The Democratic Republic of Congo has designated Bassin de la Lufira (the Lufira river basin) as its fourth Wetland of International Importance. With the addition of this vast and exceptional wetland area, the country joins a select group of Ramsar Contracting Parties – Bolivia, Canada, Chad, Congo and the Russian Federation – with over 100,000 square kilometres under Ramsar protection.
The Site (Ramsar Site no. 2318), in the south-east of the country, consists of rivers and their floodplains, natural and artificial lakes and ponds, waterfalls, papyrus and other marshes, and marshy forests. The main river feeding it is the Lufira.
The prevailing soil and climatic factors ensure the maintenance of the Site’s unique biological diversity. Many endemic species are present: 16 bird species including the Lufira masked weaver, the Upemba masked weaver and the black-faced waxbill; 15 reptile species including the Upemba mud turtle, the lined water snake and the Mulanje water snake; and at least two endemic amphibians, the Katanga thick-toed gecko and the frog Afrixalus upembae. The Lufira Basin remains the only biotope for rare mammals such as the Grant’s zebra and the greater kudu, and it is also home to populations of giant sable and roan antelope.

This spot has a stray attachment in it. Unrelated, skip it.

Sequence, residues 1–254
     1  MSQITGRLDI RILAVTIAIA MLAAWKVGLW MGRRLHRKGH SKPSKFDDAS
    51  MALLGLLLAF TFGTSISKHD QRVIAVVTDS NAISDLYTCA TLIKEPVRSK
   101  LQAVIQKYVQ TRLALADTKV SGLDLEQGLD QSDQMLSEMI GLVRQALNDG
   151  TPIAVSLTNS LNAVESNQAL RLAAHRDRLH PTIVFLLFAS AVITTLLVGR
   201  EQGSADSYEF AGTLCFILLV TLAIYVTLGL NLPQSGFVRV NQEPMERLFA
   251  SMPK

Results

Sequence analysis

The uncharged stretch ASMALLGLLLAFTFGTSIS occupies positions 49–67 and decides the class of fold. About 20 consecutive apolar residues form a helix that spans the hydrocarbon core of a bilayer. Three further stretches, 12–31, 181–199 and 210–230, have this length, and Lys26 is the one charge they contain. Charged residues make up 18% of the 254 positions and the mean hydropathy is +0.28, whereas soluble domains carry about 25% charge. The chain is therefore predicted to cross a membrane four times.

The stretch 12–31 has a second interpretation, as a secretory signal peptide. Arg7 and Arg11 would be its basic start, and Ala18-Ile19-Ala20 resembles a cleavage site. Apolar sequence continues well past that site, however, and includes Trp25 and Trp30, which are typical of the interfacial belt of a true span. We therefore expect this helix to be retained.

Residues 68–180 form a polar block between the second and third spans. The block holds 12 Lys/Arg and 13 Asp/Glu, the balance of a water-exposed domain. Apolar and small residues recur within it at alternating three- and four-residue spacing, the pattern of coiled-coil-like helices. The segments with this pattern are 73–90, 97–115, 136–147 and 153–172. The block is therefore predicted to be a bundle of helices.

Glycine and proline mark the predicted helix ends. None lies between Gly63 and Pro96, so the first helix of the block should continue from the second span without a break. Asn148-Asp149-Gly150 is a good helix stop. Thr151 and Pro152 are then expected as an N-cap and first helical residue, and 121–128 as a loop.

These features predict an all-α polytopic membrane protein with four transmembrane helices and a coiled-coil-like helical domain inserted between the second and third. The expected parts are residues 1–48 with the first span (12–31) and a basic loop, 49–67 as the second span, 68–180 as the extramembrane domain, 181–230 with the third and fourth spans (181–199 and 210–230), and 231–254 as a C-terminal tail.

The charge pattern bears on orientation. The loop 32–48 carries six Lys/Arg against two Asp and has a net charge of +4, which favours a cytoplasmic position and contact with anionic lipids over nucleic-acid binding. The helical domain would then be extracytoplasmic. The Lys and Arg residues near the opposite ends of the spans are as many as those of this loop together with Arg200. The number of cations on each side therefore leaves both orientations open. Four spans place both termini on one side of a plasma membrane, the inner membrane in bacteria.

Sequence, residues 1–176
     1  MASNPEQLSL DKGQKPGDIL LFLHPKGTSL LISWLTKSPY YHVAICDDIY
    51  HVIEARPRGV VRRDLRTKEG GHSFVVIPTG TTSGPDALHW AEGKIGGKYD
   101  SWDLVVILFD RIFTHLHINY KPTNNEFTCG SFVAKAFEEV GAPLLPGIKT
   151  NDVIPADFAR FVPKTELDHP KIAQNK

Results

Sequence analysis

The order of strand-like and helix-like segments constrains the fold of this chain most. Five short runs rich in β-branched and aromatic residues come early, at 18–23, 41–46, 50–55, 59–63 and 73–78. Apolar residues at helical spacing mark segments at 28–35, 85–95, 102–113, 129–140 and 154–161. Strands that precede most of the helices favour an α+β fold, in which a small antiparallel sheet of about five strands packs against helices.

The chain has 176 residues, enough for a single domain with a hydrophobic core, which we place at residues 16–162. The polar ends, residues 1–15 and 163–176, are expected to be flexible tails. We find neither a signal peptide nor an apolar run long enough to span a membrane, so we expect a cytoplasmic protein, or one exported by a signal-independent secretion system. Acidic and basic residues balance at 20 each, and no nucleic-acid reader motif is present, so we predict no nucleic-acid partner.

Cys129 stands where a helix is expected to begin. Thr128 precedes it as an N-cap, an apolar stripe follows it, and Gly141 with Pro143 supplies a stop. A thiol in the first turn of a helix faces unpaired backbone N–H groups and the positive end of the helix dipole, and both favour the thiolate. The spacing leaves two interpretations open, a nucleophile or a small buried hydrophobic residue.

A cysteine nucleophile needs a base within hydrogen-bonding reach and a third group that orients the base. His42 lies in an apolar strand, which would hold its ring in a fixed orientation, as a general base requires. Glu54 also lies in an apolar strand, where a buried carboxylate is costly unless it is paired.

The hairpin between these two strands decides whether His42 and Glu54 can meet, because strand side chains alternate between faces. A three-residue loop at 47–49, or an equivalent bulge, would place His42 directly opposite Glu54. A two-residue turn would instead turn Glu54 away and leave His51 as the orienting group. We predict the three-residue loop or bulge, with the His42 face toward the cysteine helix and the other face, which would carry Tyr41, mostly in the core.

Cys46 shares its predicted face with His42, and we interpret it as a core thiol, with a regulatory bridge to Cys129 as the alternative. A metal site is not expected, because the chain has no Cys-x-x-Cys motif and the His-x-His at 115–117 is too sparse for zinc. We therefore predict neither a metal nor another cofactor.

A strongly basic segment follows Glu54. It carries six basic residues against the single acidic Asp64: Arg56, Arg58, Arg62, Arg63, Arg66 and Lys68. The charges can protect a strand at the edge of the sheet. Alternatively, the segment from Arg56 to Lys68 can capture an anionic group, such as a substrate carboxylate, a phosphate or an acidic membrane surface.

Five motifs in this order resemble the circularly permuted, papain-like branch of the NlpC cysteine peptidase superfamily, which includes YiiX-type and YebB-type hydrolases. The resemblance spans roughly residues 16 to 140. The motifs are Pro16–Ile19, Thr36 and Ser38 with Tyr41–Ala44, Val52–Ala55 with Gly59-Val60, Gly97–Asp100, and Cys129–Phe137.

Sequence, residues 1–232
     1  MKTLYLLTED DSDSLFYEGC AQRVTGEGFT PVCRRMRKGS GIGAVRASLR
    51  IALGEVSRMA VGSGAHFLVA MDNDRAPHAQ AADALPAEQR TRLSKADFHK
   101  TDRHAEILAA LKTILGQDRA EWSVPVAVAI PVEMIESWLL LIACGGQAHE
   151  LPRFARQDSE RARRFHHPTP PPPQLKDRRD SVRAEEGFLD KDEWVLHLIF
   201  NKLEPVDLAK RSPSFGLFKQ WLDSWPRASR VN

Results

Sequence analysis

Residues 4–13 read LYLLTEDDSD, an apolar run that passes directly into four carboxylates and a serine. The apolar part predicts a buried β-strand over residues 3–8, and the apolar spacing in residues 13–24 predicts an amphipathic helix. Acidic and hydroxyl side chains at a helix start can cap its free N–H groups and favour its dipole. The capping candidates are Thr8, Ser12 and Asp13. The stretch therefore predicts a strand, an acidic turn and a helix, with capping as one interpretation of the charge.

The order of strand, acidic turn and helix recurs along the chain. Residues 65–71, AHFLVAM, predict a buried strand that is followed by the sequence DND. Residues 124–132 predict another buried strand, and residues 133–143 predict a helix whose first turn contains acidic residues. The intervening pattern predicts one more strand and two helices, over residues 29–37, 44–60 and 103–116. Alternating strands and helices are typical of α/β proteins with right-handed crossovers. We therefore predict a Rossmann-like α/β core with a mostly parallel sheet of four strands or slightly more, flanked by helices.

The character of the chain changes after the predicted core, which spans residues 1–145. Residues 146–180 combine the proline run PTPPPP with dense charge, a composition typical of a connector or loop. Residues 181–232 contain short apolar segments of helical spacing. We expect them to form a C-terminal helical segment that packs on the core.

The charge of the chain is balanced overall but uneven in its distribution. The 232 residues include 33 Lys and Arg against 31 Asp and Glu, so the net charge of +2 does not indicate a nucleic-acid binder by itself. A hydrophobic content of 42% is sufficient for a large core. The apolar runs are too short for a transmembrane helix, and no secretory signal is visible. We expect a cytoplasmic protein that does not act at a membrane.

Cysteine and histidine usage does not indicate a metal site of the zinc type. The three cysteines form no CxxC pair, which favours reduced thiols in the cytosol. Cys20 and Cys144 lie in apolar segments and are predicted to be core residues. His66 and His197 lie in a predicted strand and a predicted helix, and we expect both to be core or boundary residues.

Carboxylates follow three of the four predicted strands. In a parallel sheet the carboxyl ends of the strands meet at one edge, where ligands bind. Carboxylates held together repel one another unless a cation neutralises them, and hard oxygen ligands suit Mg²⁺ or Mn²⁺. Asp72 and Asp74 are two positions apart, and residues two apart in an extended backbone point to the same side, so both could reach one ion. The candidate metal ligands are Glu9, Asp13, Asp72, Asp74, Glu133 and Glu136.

The lack of control and regulation of mining activities and the related hydrometallurgical treatment plants presents a real threat to the Site. Its designation was completed thanks to the financial and technical support of WWF-International.